*Disclaimer: The information and views set out in this page do not necessarily reflect the official opinion of the Council of Europe and/or the European Commission. Neither the Council of Europe, the European Commission nor any person acting on their behalf may be held responsible for the use which may be made of the information contained therein.
Last update 11/10/2016
Barcea is a commune in Galați County in Romania, with a population of 4957 people according to the latest census. The Roma population represents close to 16,5% of the population of Barcea, although local estimates go as high as 20% (5% of the population during the last census did not declare its ethnicity). Most of them live in the Podoleni village of the municipality, an area with a high level of unemployment and serious infrastructure problems. The municipality is largely rural, with agriculture as a main subsistence activity, along with scarce opportunities in industry, education, health and food industry. Traditionally, many Roma men from Podoleni are musicians.
Among the most urgent issues affecting Roma in Barcea, the lack of property documents for their households is particularly problematic as it affects their access to utilities and public services and prevents the municipality from implementing infrastructure projects in the area. There are around 15 houses (30 families) built in a flood plain which makes their legalization difficult (as per National Water Company regulations). The area is also the only possible location for young Roma families to settle, as the municipality has little building plots available. Efforts at the County and municipal levels are in progress both for the legalization of the area and the protection of the houses from flood risks. Also from a housing point of view, Roma families with relatives working abroad have a generally better housing situation than the rest of the Roma population.
There are no reported cases of lack of identification documents of Roma citizens in Barcea. However, elderly Roma citizens have difficulties accessing their retirement rights due to a lack of understanding and financial means to initiate the necessary administrative procedures.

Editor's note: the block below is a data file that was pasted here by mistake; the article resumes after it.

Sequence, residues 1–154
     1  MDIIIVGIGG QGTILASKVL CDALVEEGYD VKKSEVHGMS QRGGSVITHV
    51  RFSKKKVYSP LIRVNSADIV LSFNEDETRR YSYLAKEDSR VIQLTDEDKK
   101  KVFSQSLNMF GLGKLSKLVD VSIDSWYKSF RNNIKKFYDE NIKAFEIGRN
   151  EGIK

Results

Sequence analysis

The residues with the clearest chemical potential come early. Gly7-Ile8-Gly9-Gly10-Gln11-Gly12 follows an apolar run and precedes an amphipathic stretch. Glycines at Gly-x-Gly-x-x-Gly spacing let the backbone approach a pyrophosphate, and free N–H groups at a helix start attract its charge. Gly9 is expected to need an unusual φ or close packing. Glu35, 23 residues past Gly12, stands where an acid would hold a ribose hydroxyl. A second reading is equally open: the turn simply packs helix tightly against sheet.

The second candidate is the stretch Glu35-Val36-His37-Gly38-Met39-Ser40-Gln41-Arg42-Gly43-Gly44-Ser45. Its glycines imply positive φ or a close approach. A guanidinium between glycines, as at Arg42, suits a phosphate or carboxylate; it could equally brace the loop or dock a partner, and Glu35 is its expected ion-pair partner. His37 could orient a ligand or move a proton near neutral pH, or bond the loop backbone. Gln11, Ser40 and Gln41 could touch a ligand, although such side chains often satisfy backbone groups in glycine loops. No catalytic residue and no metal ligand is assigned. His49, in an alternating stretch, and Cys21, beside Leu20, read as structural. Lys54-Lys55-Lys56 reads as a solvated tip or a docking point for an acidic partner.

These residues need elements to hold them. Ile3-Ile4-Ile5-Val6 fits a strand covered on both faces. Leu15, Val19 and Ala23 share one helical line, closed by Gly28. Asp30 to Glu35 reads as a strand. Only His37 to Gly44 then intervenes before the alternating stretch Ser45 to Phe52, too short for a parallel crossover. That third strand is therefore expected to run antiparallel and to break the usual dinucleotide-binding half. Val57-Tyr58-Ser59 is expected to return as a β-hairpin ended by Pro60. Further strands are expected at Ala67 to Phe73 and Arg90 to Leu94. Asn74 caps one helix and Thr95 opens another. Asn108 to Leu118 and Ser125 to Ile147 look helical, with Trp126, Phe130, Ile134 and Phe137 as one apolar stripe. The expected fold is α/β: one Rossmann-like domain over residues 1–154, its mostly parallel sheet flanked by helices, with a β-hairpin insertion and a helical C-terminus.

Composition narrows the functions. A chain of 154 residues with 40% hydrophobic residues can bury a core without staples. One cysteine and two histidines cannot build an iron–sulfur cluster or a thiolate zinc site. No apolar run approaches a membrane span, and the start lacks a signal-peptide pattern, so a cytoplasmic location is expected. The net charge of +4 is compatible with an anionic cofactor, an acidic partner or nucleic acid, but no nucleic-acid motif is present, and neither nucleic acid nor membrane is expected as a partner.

There is a generally poor infrastructure, particularly in Podoleni village (unpaved roads, no public lighting, many houses do not have electricity) and the entire municipality has neither a sewage system, nor a water treatment plant. The municipality has initiated a project for the extension of the water supply system targeting Podoleni village among other areas.
The community as a whole has difficult access to health services, as there is no clinic close to the Podoleni village, with only one General Practitioners’ office set up in a private property. Concerning education, there is a very high school dropout rate of Roma children in Barcea, where close to 85% of the 350 Roma pupils quit secondary school. On the other hand, there are 10 Roma young adults who graduated from university. Two projects on “Second Chance” education and vocational training financed through the European Social Fund were recently concluded.
There is one health mediator and one school mediator active in the municipality, both involved in the ROMACT programme as Community Action Group members, along with the two Roma municipal councilors of the municipality and Roma citizens from Podoleni.